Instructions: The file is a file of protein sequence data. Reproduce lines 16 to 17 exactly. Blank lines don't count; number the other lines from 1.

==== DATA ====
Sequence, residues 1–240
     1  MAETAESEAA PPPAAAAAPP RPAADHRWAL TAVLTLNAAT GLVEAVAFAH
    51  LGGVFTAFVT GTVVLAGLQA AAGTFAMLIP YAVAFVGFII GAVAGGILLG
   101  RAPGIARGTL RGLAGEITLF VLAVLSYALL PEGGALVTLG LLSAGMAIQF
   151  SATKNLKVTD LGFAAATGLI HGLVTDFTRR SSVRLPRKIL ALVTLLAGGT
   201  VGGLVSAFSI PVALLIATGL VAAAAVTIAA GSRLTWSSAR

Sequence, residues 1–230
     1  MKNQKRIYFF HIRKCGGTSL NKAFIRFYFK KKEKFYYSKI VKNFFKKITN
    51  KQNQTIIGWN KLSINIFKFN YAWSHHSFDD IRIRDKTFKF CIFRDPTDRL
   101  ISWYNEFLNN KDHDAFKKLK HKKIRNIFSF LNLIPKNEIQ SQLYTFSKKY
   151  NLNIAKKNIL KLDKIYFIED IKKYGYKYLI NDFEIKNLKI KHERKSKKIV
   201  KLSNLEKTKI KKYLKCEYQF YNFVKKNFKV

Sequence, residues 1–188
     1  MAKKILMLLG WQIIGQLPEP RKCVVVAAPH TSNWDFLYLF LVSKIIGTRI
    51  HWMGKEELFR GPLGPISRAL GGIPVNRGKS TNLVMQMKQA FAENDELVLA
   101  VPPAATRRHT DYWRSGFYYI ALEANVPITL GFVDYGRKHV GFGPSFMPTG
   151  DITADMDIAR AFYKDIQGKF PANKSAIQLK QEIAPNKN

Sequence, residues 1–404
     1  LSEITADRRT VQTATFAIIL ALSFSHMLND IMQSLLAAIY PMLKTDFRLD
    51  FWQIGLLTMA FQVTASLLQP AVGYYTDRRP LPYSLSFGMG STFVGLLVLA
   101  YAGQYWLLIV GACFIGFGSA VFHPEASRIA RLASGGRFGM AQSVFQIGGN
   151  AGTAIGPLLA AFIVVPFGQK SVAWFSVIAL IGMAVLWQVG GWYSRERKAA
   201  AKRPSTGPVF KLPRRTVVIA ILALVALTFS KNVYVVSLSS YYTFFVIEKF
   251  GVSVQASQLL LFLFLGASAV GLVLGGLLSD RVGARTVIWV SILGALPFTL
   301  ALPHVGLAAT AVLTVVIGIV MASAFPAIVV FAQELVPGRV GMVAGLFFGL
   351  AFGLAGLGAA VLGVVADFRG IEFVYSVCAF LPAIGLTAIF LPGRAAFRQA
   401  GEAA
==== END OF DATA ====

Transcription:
   101  VPPAATRRHT DYWRSGFYYI ALEANVPITL GFVDYGRKHV GFGPSFMPTG
   151  DITADMDIAR AFYKDIQGKF PANKSAIQLK QEIAPNKN